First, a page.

South Africa: Preserving The Gains For Human Rights In The "War Against Crime"
* News Release Issued by the International Secretariat of Amnesty International *
6 December 2000 AFR 53/005/2000 229/00
Shortly before International Human Rights Day,10 December, Amnesty International is raising with the South African
Government its concerns about the proposed Anti-Terrorism Bill. "If the law in its present form is enacted, it will
place South Africa in breach of its international and regional obligations and may lead to human rights violations", the
organization said. It will grant the authorities "what are in effect emergency powers, without any of the safeguards
provided for under national and international law when there is a formal declaration of a state of emergency."
In a report released today by Amnesty International, based on a memorandum submitted to the South African Law
Commission, the organization expressed concern that certain provisions in the draft law, particularly those allowing for
detention without charge or trial, carry a risk of a repetition of part of South Africa's past pattern of human rights
Amnesty International shares the Law Commission's concern that "South Africa has a terrible history of abuse in
detention" in the apartheid era and that this history has to be kept in view in considering any "measures to be
implemented in combating terrorism".
In its memorandum the organization emphasised that the likelihood of repetition is increased by the reality that
torture still occurs in post-apartheid South Africa, primarily in the context of criminal investigation.
Amnesty International acknowledges that the present South African Government is faced with a very serious security
situation, primarily in the Western Cape province where the government has accused an anti-crime vigilante organization,
PAGAD (People against Gangsterism and Drugs), of responsibility for a wave of " urban terror", including bombings and
the targeted killings of officials involved in investigating or hearing cases against alleged PAGAD members.
While Amnesty International condemns deliberate and arbitrary killings or threats of violence by armed opposition
groups, the solution to the problems in the Western Cape should not involve passing new laws which would seriously
affect fundamental human rights guaranteed under South Africa's own Constitution and the international human rights
treaties ratified by South Africa, including most recently the Rome Treaty for the International Criminal Court.
The Law Commission itself noted with concern that the government has not provided it with " compelling evidence of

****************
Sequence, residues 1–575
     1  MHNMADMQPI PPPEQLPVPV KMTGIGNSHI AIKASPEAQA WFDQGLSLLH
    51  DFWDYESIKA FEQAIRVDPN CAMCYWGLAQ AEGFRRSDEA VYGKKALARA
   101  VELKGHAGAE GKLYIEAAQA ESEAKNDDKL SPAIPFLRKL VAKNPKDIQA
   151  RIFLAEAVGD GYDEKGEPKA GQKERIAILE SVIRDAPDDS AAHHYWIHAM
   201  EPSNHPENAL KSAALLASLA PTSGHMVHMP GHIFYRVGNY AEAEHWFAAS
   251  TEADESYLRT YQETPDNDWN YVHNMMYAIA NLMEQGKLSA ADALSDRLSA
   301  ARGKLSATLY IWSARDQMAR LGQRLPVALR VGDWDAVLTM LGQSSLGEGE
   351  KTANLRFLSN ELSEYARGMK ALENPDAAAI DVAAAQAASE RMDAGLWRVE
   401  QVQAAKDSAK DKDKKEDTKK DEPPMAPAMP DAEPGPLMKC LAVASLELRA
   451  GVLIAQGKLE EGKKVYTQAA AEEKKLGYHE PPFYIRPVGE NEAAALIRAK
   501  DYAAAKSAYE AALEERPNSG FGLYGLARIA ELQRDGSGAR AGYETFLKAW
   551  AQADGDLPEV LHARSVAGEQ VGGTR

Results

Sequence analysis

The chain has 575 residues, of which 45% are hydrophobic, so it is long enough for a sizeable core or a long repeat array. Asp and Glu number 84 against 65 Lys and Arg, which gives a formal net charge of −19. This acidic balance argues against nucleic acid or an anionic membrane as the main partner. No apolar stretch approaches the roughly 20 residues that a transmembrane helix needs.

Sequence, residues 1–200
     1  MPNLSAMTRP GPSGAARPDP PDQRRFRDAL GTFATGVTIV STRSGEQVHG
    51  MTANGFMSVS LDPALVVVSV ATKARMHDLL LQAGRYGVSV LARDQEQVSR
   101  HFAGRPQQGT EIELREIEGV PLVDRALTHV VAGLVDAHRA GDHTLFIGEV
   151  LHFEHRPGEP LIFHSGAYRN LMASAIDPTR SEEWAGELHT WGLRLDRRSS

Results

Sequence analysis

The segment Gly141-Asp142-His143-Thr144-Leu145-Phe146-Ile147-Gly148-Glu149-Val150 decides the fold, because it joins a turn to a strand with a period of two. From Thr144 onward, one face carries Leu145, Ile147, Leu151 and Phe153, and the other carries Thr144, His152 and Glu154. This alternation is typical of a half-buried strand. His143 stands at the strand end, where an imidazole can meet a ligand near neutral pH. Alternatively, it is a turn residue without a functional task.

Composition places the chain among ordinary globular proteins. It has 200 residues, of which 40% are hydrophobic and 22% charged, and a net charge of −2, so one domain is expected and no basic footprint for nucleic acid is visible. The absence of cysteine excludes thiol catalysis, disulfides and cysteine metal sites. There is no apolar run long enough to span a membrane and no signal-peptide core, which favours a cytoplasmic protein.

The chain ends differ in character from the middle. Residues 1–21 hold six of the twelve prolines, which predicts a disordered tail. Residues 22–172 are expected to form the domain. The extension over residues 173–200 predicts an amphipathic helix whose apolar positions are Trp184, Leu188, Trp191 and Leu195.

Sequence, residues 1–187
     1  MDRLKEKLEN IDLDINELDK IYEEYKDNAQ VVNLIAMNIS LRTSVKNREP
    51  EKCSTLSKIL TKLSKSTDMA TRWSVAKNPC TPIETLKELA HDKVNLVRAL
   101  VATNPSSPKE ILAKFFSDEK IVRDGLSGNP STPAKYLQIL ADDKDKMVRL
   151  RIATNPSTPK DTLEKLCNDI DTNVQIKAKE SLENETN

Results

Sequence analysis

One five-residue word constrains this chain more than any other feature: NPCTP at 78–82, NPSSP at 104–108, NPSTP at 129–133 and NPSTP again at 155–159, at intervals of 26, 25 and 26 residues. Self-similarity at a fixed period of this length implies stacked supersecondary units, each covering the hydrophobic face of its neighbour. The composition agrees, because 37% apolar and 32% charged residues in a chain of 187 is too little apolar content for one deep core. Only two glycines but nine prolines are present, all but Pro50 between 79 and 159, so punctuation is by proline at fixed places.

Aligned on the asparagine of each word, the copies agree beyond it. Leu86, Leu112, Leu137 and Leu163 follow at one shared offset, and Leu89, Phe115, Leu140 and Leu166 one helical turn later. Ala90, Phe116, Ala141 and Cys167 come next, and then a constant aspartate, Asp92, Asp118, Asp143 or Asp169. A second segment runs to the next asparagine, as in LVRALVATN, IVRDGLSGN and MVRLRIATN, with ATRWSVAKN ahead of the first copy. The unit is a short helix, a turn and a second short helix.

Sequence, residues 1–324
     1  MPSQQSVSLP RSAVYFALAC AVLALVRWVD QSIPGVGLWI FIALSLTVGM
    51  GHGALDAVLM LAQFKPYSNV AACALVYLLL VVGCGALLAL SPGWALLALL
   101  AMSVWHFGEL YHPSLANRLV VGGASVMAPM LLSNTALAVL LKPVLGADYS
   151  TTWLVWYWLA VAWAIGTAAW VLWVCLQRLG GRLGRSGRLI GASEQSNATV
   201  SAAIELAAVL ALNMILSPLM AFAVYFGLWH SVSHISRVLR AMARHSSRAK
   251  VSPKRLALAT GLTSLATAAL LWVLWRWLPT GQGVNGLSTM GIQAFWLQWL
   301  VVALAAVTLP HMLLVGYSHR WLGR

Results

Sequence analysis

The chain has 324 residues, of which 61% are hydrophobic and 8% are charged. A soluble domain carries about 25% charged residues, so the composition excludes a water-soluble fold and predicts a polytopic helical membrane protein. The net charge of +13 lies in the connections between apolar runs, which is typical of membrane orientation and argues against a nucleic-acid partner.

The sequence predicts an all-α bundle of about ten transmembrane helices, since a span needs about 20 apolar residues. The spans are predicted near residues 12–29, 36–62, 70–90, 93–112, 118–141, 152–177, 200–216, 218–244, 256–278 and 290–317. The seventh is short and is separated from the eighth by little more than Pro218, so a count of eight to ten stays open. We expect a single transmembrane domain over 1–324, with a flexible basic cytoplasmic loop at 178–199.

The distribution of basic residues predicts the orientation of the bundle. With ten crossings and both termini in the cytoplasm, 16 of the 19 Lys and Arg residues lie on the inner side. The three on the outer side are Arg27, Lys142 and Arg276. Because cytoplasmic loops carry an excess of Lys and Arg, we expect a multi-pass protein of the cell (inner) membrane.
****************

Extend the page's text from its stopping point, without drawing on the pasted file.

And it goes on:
justification" for the measures for the detention of persons for interrogation, nor why " conventional policing methods
are inadequate" to address the security problems. Civil society organizations in South Africa have also argued that
practical measures to strengthen the skills, resources and capacity of law enforcement agencies would be a more
appropriate response to the violence in the Western Cape.
Among other detailed comments on the provisions in the draft law, Amnesty International criticized the definition of a
"terrorist act" as being too widely drawn, leaving open the possibility of the use of the law against non-violent
protest activities. The sweeping "stop and search" powers, contain the risk of arbitrary or discriminatory searches.
The provision allowing for detention without charge establishes grounds so widely phrased that it could encompass
journalists, lawyers or others with privileged information. The grounds for extension of the detention period include
the failure of the detainee to answer questions "satisfactorily", and police requests for more time to enable them to
complete their investigations.
"The provisions restricting access to the detainee risk legitimising incommunicado detention, which can increase the
danger of torture, ill-treatment and disappearances," said Amnesty International.
Amnesty International urges President Thabo Mbeki's Government to ensure that any legislative initiatives taken to
address persistent high levels of criminal violence in the Western Cape or other parts of the country preserve the gains
made for human rights since the political transition in 1994, and are consistent with South Africa's regional and
international human rights obligations.
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